Tuesday, November 5, 2019

The Airplane Takes Off - The Space Time Mother Fucking Continuum

With Signe Anderson
Paul Kantner  was introduced to marijuana around 1959 by Jorma Kaukonen as students at Santa Clara University. A year older than Kantner, Kaukonen was an accomplished guitarist. Kantner, inspired by Kaukonen (and maybe weed) picked up the guitar and began performing in folk clubs.  At a club called The Offstage, Kantner and some folkies set up the Folklore Center, "selling guitar picks, strings and marijuana." He also started booking acts for the club, including Mother McCree's Uptown Jug Champions (with future members of the Grateful Dead) and David Crosby. JFK's assassination in 1963 "proved the linchpin point of our generation," said Kantner, and "almost switched the universe – What R. Crumb calls the Space-Time Motherfucking Continuum – over 180 degrees. Everything that was before, was not after that." (AM points to "Satisfaction" and "Like a Rolling Stone" from 1965 as the “switch,” but certainly JFK was the political tipping point.) In 1964 Kantner was introduced to LSD by someone who brought it to The Offstage along with a Fender guitar and amplifier. "Went off into the cosmos," Kantner recalls. In the Spring of 1965 Bob Dylan's new album added electricity to folk and Kantner met Marty Balin at the Drinking Gourd on Union Street in San Francisco, not long before Marty opened The Matrix. The Drinking Gourd a bar and sandwich shop decorated like Pier One Imports. Bill Thompson, who would become Jefferson Airplane's manager in 1968, said, “Paul Kantner came in one night and he had a 12 string guitar and a banjo. Marty liked the way he looked, so he asked Kantner to join the band." Signe Anderson was a solo artist who performed at the Gourd. She became the Airplane's singer on Jefferson Airplane Takes Off (1966).

Grace Wing was raised in an upper middle class family in San Francisco. Feeling like an oddball, she suppressed her interests in classical music and art and took up comic books and R&B, drinking alcohol and smoking cigarettes (by the age of 16). She enrolled in Finch College in New York in 1957 and transferred to the University of Miami in her Sophomore year to study art. In 1961 she married Jerry Slick, a film student at San Francisco State College. The two rented a house in Potrero Hill where "we'd grow dope in the backyard, for our own entertainment," said Grace. The couple met a British chemist named Baxter in 1964 who introduced them to peyote, and they soon tried LSD as well. Grace found the Beatles early songs “childish” and prefered Bartok, Prokofiev, the musical "South Pacific," and jazz, in particular Miles Davis's "Sketches of Spain." She played guitar, provided soundtrack music for one of Jerry's films, and soon began spending time smoking pot and making music with Jerry’s guitarist brother, Darby. The three Slicks formed a band in the Summer of 1965 called "The Great Society," after LBJ's failed social program. One morning, while coming down from an acid trip, alone and depressed because his girlfriend had spend the night with another man, Darby wrote, “When the truth is found to be lies/ And all the joy within you dies/ Don't you want somebody to love?”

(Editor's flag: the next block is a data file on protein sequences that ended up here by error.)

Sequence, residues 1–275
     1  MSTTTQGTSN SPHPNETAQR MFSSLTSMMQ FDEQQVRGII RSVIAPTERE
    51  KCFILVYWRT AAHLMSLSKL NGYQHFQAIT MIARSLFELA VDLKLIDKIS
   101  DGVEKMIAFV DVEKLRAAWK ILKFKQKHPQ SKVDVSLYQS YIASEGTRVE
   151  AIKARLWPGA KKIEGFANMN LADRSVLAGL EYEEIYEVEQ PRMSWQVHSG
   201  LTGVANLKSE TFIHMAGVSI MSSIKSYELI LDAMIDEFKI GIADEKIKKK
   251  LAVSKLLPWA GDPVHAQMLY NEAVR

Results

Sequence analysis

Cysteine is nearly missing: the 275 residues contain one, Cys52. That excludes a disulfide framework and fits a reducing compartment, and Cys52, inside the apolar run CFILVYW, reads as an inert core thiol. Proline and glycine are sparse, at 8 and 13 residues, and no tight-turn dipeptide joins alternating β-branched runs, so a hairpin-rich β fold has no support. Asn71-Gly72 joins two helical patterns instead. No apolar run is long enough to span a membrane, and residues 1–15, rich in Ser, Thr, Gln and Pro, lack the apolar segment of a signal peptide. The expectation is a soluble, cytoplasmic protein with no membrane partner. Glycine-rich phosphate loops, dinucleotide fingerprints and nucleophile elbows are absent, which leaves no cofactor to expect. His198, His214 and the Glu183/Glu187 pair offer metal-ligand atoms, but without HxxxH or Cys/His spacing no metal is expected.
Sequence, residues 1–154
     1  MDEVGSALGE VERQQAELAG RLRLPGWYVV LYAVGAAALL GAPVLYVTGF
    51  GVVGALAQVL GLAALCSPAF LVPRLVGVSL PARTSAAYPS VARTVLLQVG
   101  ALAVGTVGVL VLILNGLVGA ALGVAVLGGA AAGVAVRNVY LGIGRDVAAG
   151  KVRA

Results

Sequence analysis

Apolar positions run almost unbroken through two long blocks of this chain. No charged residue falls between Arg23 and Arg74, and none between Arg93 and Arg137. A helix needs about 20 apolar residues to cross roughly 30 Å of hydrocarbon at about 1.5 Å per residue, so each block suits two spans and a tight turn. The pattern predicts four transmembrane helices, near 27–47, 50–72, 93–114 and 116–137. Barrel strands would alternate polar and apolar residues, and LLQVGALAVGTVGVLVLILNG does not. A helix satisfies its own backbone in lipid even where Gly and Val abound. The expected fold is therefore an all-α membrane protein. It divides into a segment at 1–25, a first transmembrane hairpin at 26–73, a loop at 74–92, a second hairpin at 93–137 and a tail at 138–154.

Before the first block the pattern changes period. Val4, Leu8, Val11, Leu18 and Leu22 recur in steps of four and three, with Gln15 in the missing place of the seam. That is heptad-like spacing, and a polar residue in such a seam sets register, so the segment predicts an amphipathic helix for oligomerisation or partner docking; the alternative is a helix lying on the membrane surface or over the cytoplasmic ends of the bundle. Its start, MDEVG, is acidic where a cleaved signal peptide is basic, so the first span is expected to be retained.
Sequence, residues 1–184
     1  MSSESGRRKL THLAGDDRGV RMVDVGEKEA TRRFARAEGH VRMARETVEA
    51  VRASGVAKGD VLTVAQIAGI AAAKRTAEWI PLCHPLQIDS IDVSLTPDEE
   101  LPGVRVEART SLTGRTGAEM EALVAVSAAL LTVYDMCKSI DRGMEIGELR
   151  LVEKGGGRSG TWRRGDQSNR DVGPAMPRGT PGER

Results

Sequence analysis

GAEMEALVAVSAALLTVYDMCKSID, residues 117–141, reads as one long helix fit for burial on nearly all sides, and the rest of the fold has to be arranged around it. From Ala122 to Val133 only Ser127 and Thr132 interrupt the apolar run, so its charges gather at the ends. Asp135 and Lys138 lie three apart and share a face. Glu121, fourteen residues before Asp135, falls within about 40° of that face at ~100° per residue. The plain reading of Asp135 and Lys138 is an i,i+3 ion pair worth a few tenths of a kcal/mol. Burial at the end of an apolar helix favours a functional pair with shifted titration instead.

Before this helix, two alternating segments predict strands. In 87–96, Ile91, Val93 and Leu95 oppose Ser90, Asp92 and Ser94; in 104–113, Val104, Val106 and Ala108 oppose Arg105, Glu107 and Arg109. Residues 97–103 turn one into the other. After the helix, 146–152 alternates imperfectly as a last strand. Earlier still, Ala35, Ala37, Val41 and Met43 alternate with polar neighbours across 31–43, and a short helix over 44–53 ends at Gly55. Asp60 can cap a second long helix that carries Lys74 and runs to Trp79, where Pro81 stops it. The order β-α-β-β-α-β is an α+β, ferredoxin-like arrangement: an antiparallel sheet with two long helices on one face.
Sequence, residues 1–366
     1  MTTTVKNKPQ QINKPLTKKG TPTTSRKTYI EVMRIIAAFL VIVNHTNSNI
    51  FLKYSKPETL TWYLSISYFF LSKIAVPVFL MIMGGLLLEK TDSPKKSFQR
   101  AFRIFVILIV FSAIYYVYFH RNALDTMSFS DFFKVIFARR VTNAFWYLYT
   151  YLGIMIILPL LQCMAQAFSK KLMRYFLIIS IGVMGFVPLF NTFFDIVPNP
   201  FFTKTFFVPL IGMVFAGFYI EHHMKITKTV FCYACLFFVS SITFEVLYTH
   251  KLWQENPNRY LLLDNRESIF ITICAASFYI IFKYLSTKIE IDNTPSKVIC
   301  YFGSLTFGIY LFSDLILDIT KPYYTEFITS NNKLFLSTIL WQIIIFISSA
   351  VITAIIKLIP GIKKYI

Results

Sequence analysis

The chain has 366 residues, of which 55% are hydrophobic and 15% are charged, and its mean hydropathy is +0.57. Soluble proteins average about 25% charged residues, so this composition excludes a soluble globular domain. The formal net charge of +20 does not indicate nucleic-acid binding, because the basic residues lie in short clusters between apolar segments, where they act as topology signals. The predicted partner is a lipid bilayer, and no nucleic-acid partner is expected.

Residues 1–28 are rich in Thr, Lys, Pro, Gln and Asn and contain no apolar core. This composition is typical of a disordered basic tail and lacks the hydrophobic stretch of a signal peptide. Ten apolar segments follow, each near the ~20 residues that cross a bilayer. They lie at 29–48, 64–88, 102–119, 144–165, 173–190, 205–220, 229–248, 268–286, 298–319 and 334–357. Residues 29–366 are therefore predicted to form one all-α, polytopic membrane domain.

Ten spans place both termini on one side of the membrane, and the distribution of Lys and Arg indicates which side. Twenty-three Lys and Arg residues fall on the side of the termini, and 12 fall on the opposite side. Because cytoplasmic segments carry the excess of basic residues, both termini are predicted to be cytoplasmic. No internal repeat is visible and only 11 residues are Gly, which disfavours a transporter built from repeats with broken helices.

Drawing on her love of Spanish songs, Grace fashioned a bolero rhythm for a new song of her own. Then, thinking back on her childhood fantasies, she suggested a correlation between the mystical worlds of those timeless tales and the quests that she and her fellow seekers were undertaking as young adults: "One pill makes you larger and one pill makes you small/ And the ones that Mother gives you don't do anything at all/ Go ask Alice, when she's ten feet tall." 

"What I was trying to say was that between the ages of zero and five the information and the input you get is almost indelible. In other words, once a Catholic, always a Catholic. And the parents read us these books, like Alice in Wonderland, where she gets high, tall, and she takes mushrooms, a hookah, pills, alcohol. And then there's the Wizard of Oz, where they fall into field of poppies and when they wake up they see Oz. And then there's Peter Pan, where if you sprinkle white dust on you, you could fly. And then you wonder why we do it? Well, what did you read to me?"

The Great Society actually recorded "Somebody to Love" and "Go Ask Alice" with Grace on vocals in November 1965, a year before the Jefferson Airplane version hit the charts. After The Great Society broke up and Slick joined the Jefferson Airplane, the band recorded Surrealistic Pillow. Marty Balin contributed his composition "Comin' Back to Me" written in one sitting after smoking some potent weed: "The summer had inhaled and held its breath too long/ The winter looked the same as if it had never gone/ And through an open window where no curtain hung I saw you,/ I saw you Comin' back to me."

Another song on the Album, DCBA-25 refers to the tune's chord progression and to LSD-25. A year later, in 1967, the band graced the cover of the first issue of Rolling Stone and recorded After Bathing at Baxter's, a reference to taking LSD, for which the band's nickname was Baxter. 

The Jefferson Airplane website says of Kantner: "As the '60s wore on, the Airplane became a symbol of the burgeoning counterculture, and Paul reflected this in songs such as "Crown of Creation" (1968) and "We Can Be Together" (1969). To Paul, the "Establishment" included everything from cops who unplugged the band during curfew to the band's own record company, RCA. In "We Can Be Together," he included the line, "Up against the wall, motherfucker," which launched a bitter contest of wills between the band and RCA over its inclusion; the company finally backed down. So much more than contemporaries The Grateful Dead, Jefferson Airplane were the litmus test of mid-60's youth.